Farmers urged to monitor for early signs of scour in calves

Farmers are being urged to monitor for the early signs of scour in calves as part of a campaign to help save the industry £60 million a year.

Farmers are being urged to monitor for the early signs of scour in calves as part of a campaign to help save the industry £60 million a year.

It has been reported that about 170,000 of calves born alive each year die in their first month of life and it is estimated that up to 50 per cent of deaths are caused by scour, with over 48 per cent of dairy heifer calves diagnosed with scour preweaning.

The number of cases seen in the first month of age makes early detection and rapid management of the condition a priority to avoid unnecessary financial losses and impact on animal welfare, according to Ceva.

The most common cause of mortality in scouring animals is dehydration as a result of increased loss of fluids with scour, leading to a decreased ability to digest and absorb nutrients, decreased appetite and voluntary food intake, resulting in significant decreases in daily live weight gain (DLWG).

This impact on growth rate can be costly and it is estimated to cost £57.94 per cow in a beef herd which means that the total cost of a scour outbreak in a 100-cow suckler herd (assuming 90 calves are born) is over £5,000.

In a dairy herd, scour may require an average of 3.76 days treatment and add approximately 13 days to the growth period, which will have knock on effects on the serving age and age at first calving (AFC). Each extra day on the AFC costs £2.87, so a case of scour could add an additional £37.31 onto rearing costs.

Further, as each day that a calf is sick reduces its first lactation by 126 litres, at a cost of 27.77ppl (August 2020 milk price), this amounts to approximately £132 worth of milk lost in the first lactation, per calf, per scour incident.

Ceva Animal Health, manufacturer of oral rehydration therapy gel Rehydion, has launched a new ‘Making Milk Matter Against Scour’ campaign to encourage farmers to use ORT during scouring to provide sufficient essential electrolytes to correct acidosis, while still continuing with milk feeding.  Milk is the best source of energy and fluid replacement for scouring calves and stopping milk has been shown to have no impact on the resolution of scour. In fact, calves left on milk during scour can continue to gain weight, Ceva says.

The company will be launching a survey to capture farmers’ experiences of scour and ORT. To participate in the survey visit  There will be a prize draw from completed entries, with 10 farmers receiving a Rehydion gilet.

“Hugely time consuming and frustrating”

Simon Wells (left) milks 290 Holstein Friesians on the fourth-generation family farm near Bath, Somerset. The farm is a total of 854ha, of which 172ha is grass used by the dairy, with the remainder in arable rotation.  He rears his own youngstock to provide replacement heifers.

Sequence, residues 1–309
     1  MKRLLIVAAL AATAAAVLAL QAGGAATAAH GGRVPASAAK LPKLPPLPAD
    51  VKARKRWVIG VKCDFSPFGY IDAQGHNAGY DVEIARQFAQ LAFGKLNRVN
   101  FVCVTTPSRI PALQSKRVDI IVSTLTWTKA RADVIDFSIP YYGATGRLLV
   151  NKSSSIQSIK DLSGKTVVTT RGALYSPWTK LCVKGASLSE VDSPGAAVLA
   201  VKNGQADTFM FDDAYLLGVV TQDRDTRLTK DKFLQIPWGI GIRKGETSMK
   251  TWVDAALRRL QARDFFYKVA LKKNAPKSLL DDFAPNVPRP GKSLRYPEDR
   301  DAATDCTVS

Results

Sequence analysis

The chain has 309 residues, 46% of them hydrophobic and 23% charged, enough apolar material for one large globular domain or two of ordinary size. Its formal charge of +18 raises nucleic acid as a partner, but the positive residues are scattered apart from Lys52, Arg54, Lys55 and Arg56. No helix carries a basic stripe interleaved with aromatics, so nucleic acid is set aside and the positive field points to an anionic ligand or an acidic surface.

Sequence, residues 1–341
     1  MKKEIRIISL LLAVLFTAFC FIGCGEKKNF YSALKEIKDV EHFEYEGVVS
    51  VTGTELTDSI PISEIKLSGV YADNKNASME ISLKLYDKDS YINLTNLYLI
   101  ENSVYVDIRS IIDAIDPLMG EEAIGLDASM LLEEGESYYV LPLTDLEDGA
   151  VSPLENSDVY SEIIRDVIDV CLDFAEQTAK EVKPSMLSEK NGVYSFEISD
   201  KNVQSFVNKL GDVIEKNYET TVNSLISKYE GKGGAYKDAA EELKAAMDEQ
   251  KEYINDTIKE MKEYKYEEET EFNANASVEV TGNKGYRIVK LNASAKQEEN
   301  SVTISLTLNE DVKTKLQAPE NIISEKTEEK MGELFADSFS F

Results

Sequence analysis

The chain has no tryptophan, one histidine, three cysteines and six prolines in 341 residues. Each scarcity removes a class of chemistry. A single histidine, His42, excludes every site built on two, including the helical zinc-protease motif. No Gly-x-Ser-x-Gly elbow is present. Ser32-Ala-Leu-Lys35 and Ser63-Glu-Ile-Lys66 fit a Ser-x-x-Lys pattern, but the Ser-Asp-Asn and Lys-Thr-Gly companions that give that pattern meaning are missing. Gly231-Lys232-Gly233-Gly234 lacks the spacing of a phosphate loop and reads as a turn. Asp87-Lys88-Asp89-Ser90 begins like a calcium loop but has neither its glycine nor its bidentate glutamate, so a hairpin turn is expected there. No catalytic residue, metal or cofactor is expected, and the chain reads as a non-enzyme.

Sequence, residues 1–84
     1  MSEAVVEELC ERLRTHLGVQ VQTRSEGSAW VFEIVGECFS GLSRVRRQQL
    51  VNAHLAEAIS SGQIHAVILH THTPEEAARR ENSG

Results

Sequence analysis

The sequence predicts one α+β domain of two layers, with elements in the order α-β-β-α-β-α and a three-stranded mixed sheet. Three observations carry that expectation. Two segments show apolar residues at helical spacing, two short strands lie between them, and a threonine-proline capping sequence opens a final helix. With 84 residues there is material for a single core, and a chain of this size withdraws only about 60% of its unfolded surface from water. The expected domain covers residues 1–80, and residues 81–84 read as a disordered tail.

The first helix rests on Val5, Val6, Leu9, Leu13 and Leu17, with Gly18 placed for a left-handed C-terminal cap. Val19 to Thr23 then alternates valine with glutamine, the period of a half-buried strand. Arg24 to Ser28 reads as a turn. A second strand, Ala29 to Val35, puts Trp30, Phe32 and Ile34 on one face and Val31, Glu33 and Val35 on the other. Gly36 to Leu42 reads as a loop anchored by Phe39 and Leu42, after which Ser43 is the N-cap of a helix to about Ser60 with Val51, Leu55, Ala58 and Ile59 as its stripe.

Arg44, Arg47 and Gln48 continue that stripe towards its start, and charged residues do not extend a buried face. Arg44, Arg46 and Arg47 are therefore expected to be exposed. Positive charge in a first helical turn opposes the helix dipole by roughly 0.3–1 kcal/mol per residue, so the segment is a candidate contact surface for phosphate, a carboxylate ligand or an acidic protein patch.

“We have an ongoing problem with cryptosporidiosis, which is caused by the Cryptosporidium parasite, one of the most common causes of scour. Despite changes to our herd health plan which include trialling external calving sheds, there is often a tricky 7 to 10-day period when the calves display classic signs of scour including diarrhoea, dehydration, loss of appetite, fever and abdominal pain.

“Scour can be a hugely time consuming and frustrating condition to manage with a lot of man hours going in to trying to keep calves alive, from ensuring they get as much colostrum as possible in their first few hours to provide nutrients and antibodies, to feeding them milk and ORT, which is the most effective management strategy.

“We like to be proactive and ‘on the front foot’ with the treatments that we use on the farm and our vet recommended Rehydion for the digestive support of scour. We have now used it successfully for many years. It is easy to administer as it is simply diluted in milk, which means there is no interruption to milk feeding, and our weekend relief staff also find it easy to use.

“Timing is key! As soon as we notice that a calf has developed scour, we administer ORT as quickly as possible to ensure a quicker recovery and good daily gain and I’m happy to say that once they are through the tricky period, 99 per cent of calves are absolutely fine.”


Rehydration is key

James Adams, farm animal lead at Langford Vets, University of Bristol, comments: “If I could offer one piece of advice to farmers with scouring animals it would be to ensure hydration as dehydration is what kills! Rehydrating an animal is essential if an animal is to be able to regain its normal function and fend off any disease and an ORT that can be given with milk is advisable as it helps maintain a positive energy status.”

Ceva product manager Stephanie Clarke adds: “The ‘Making Milk Matter Against Scour’ campaign will help highlight the financial and welfare benefits of using ORT at the first signs of scour and the importance of administering it alongside milk which is the best source of energy and will help calves maintain weight gain. The scour survey will provide us with an insight into the use of ORT in practice and on farm to help us drive improvements across the industry.”

For further information on the ‘Making Milk Matter Against Scour’ initiative visit or contact your local veterinary practice. To take part in the survey got to

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